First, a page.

There’s a scene in *Iron Man: II” where, after seeing Black Widow (Scarlett Johansson) in a boxing ring, Tony Stark (Robert Downey Jr.) turns to Pepper Potts (Gwyneth Paltrow) and says “I want one” (referring to the previously mentioned Ms. Johansson). Pepper quickly, and cutely, responds “No”.
When I first saw Olivia Wilde’s character Quorra in the TRON:Legacy trailer, I immediately turned to Elyssa and said “I want one”. Channeling a slightly cuter version of Ms. Paltrow, she quickly responded “No.”
I was, as a result, understandably surprised when I opened by Valentine’s Day gift to find out that Elyssa had, in fact, got me Quorra. I admit, she’s a little smaller in real life then she looked on the screen. but she does light up all TRON-like:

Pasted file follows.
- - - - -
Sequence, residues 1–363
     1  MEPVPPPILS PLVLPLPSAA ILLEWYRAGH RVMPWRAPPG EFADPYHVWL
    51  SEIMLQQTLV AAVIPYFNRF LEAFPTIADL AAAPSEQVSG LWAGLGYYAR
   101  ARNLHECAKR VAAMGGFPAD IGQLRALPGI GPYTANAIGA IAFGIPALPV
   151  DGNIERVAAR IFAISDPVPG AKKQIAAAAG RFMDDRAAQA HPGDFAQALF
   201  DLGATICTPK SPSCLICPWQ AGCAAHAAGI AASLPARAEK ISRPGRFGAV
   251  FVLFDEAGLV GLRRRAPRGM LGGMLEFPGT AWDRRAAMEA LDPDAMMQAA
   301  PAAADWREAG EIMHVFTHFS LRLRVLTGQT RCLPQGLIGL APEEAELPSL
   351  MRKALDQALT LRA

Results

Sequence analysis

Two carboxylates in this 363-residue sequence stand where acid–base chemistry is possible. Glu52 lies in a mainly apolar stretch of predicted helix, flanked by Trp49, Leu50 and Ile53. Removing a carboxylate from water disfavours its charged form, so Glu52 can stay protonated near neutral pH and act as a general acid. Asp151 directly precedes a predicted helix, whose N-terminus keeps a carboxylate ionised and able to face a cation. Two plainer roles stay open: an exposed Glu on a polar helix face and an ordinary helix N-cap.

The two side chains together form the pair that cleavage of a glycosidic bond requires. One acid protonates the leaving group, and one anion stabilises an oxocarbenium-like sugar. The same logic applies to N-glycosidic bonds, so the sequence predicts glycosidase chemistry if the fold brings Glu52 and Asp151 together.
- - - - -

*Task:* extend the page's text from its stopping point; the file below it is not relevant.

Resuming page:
To put it another way, you should charge for your photographs for the same reason that you charged for the lemonade that you sold at the edge of your driveway in the summertime. You certainly weren’t a professional lemonade maker, but you provided a product that had real value to those who bought it from you. You put your time and effort into the process, and even if some of your customers were only your parents’ friends, the monetary intent of those transactions was real.
I completely agree. Do not wait to start selling your work.
(via The Photoletariat)
The Girl Who Played with Fire by Stieg Larsson<br/>
My rating: 5 of 5 stars